Developing a Disaster Plan for Your Skilled Nursing Facility

MacKenzie Kimball, for HealthLeaders Media , September 10, 2009

Skilled nursing facilities (SNF) should always have a comprehensive and up-to-date disaster plan in place and, with hurricane season in full swing and winter just around the corner, now is a good time for facilities to revisit their plans and ensure staff members are prepared for all potential emergency situations.

The federal regulations for disaster planning in SNFs require facilities to "have detailed written plans and procedures to meet all potential emergencies and disasters," and "train employees in emergency procedures when they begin work in the facility, periodically review the procedures with current staff, and carry out unannounced staff drills using those procedures."

Although facilities must also meet state requirements and those related specifically to fire safety, known as the National Fire Protection Association's Life Safety Code ®, the federal regulations for disaster planning and training in SNFs are somewhat vague, leaving the details of what should be included in disaster plans up to individual facilities.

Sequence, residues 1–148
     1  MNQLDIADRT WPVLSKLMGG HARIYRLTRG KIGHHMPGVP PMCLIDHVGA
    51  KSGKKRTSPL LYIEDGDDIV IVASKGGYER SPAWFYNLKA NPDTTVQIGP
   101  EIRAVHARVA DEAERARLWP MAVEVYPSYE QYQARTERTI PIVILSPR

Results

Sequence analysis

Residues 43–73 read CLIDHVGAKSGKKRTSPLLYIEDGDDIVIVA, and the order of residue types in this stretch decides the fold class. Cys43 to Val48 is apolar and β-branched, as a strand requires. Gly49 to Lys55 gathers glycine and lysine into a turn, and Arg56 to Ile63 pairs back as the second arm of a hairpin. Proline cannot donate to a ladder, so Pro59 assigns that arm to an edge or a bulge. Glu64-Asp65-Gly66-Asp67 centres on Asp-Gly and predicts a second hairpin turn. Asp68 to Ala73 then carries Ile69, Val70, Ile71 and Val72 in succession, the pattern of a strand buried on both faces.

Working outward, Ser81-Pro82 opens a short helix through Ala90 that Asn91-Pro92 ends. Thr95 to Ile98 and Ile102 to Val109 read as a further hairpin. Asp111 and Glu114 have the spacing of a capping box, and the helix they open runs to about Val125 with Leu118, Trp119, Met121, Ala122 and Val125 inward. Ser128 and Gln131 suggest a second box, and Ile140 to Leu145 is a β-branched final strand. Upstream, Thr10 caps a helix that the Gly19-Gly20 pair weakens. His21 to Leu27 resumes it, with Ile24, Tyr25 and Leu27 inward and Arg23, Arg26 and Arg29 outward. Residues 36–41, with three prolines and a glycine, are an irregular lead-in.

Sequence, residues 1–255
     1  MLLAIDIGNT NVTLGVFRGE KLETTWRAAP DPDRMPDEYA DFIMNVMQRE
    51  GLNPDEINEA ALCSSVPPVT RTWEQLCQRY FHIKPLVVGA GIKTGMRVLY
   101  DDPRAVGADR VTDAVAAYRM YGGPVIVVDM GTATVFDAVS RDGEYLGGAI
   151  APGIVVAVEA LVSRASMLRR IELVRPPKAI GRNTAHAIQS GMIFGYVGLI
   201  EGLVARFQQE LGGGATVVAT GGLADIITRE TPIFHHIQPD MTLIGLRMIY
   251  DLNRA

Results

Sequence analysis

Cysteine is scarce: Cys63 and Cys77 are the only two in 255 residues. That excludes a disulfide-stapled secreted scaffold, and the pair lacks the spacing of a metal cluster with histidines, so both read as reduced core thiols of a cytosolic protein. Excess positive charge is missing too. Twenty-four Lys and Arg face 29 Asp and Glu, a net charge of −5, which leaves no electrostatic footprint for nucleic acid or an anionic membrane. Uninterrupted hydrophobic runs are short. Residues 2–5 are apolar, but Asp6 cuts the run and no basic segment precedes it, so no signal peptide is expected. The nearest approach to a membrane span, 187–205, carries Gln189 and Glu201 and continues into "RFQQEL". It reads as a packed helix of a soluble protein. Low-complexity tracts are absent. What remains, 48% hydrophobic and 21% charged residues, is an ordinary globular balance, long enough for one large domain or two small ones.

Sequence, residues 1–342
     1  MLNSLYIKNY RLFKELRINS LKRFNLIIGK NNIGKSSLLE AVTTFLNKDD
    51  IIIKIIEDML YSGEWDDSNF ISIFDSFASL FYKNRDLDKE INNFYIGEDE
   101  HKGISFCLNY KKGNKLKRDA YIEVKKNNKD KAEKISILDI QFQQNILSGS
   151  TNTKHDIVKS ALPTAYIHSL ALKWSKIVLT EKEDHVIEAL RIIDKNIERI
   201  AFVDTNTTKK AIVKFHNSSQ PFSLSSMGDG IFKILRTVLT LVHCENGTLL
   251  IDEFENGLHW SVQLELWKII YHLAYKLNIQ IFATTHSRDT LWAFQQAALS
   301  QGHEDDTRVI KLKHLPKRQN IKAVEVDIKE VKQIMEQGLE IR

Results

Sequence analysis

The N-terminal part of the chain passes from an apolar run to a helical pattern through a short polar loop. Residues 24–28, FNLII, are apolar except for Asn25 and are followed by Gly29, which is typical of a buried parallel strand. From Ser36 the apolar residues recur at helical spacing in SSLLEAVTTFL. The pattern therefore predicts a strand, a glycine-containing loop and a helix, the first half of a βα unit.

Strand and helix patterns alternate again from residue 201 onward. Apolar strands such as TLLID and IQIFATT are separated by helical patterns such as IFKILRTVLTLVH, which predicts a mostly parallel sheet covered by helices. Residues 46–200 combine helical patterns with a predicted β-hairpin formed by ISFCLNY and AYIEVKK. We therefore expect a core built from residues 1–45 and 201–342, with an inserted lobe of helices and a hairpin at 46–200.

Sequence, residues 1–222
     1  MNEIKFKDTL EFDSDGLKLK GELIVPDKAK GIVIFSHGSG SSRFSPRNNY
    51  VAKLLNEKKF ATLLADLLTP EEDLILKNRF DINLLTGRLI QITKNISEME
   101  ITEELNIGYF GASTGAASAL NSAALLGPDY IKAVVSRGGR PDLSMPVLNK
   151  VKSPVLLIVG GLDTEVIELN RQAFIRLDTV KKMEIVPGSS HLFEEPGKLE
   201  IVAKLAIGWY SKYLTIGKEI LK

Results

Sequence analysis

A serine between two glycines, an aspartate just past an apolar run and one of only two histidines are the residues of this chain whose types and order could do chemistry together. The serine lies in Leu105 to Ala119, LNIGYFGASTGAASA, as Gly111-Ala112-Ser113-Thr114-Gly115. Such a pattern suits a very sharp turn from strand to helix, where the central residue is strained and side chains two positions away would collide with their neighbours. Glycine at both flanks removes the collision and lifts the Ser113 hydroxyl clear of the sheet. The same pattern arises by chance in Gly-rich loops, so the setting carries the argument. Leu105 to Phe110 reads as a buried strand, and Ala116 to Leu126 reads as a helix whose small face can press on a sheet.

"Disaster plans are made up of many components and it is easy for a facility to forget something important, especially if they have never been through a disaster before," says Deborah Franklin, director of operations at Florida Living Options in Dover, FL, and president of the Florida Health Care Association (FHCA).

Some important components facilities should include in their disaster plans are as follows:

  • Evacuation provisions
  • Sheltering-in-place provisions
  • Special needs of residents
  • Staff training and adequate staffing

Although having a comprehensive disaster plan is essential to surviving emergency situations, facility staff members must be able to think on their feet and find solutions to any unexpected problems that arise. A big challenge to disaster planning is that all disasters are different and, in recent years, there have seen a variety of disasters and emergencies that are out of the norm, such as severe hurricanes that destroyed inland buildings, rampant fires in California, and nursing home shootings.

"Many people have to change their mindset and realize that there are no such things as safety zones," Franklin says. "We must have extensive plans and procedures in place and prepare for every possible disaster. It's better to be prepared for the worst and never have to use those plans, than be faced with a disaster and be unprepared."

MacKenzie Kimball is an associate editor in the long-term care market at HCPro. She writes PPS Alert for Long-term Care and manages MDSCentral.

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